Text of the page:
In the early 1960s, Tommy Lee "Lucky" Clark spent time in Shreveport. Songwriter credits for this song list local record men Dee Marais and Stan Lewis. By the 1970s, LC was playing bass for the Suzi Arden show at the Mint Hotel in Las Vegas.

13 VINCENT WILLIAMS Do I Have A Chance With You (RAM 2100, 1961)
Originally from nearby Longview, Texas, VW played in Shreveport clubs and connected with Mira Smith to release this 45 on her label.

14 ARNIE CARVER John Kennedy Ballad (Carver 101, circa 1965)
Amateur folk rock by mystery musician AC. Publishing credits indicate the involvement of Dee Marais, who co-ran Murco Records and operated the Bayou Music Shop.

15 JAMES BURTON Jimmy's Blues (Miramar 108, 1965)
One of the few records where prolific guitarist JB receives top billing. He shares the songwriting credits with Joe Osborn (bass) and Mickey Jones (drums).

16 THE BAD HABITS Hook Nose And Wooden Leg (Scepter 12126, 1965)
Taking cues from the sound of the Newbeats, this band included Jerry Beach (guitar) and Danny Harrelson (piano). In recent years, Beach performed with Robin And the Bluebirds and hosted the Monday Night Blues Jam at Lee's Lounge.

17 ART AND PAT Gonna Leave You (Doric 101, circa 1965)
Art (Tucker) and Pat perform a song arranged by Dean "Al" Mathis and written by Mira Smith and Margaret Lewis.

18 RON GRAY Hold Back The Sunrise (Hanna-Barbera 488, 1966)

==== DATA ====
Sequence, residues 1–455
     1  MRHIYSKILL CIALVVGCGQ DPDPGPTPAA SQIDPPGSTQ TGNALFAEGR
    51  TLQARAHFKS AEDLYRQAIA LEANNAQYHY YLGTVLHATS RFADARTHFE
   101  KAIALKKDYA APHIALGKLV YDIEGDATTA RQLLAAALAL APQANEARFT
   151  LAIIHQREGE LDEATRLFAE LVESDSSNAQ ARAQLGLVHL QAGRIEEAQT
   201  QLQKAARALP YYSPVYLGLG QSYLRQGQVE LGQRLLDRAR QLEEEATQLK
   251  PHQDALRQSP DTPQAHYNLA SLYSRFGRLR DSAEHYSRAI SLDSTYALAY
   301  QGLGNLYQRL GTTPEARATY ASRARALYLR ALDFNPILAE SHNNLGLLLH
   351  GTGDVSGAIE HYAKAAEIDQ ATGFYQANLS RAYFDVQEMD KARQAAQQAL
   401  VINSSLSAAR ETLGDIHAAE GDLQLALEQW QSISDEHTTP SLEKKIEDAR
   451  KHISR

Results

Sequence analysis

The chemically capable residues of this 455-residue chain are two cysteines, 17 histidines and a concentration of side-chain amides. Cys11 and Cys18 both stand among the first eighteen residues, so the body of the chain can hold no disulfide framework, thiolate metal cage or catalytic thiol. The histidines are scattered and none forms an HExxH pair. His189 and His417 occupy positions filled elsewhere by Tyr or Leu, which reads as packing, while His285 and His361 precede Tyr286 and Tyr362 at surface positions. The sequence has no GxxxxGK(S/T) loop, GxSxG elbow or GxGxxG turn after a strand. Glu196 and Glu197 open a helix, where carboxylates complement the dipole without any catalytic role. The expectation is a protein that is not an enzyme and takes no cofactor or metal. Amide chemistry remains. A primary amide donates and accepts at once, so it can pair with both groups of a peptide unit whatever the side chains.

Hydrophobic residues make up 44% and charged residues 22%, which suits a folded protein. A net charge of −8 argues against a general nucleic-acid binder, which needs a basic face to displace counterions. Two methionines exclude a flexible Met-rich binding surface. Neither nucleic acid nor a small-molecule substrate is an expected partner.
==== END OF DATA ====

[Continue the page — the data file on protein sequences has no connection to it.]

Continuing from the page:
When RG recorded this song, he had recently changed careers from banker to disc jockey. He hosted "Road Show," a weekday afternoon radio show on KWKH.

19 LITTLE DUCK AND THE QUACKERS Excuse Me (Ronn 19, 1968)
This wild novelty record appears to be The Uniques in disguise. Written by "R. Mills" (Ray Mills played lead guitar in The Uniques) and arranged by Joe Stampley (singer and keyboard player in The Uniques).

20 BILL BOHANNON Shreveport, Louisiana (Paula 292, 1968)
With lyrics like these, you'd expect this to have been underwritten by Shreveport's Chamber of Commerce! BB worked as a DJ for KWKH and as operations director for KRMD.

21 DORI GRAYSON I Can Fix That For You (Murco 1045, 1968)
DG only released three 45s, yet they make her a serious contender for the best 1960s female soul singer in Shreveport. This song appeared on her second 45.

22 DALE & RAY WITH THE TEXAS OILERS Legal Tender (Black Gold 2, circa 1970)
The sleeve for this 45 yields few clues: "Dale & Ray with the Texas Oilers from Shreveport." Record label address in nearby Marshall, Texas.

23 NITA EUBANKS You Ain't Woman Enough (Purple Turtle 101, circa 1970)
With a record label address at the Lane Building downtown, here's one of Shreveport's contributions to the "bizarre records by children" genre. 11-year-old NE channels her inner Loretta Lynn.

24 STANLEY WINSTON No More Ghettos In America (Jewel 149, 1970)
SW, a native of New Roads, Louisiana, recorded this song at Sound City Studios in Shreveport. The studio's engineer, George Clinton, served as music arranger of the recording.

25 ADOLPH & THE ENTERTAINERS Old Folks Shuffle Part 1 & 2 (Alarm 103, circa 1972)
Local record label Alarm issued two 45s by Adolph Washington, which may have been the group's only releases. Here's both sides of their second record.

26 FONTELLA BASS Home Wrecker (Paula 389, 1973)
Best known for her 1965 hit "Rescue Me," St. Louis's FB released a few records on Paula in the early 1970s. This song, composed by locals Bobby Patterson and Jerry Strickland was recorded at Sound City Studios on Line Ave.

27 BARBARA FLOWERS JOY Foot Stompin' (Joy, 1986)
This record appears to have been self-released by BFJ. Herman Finley, who served as music director at Mount Canaan Baptist Church, handled production duties.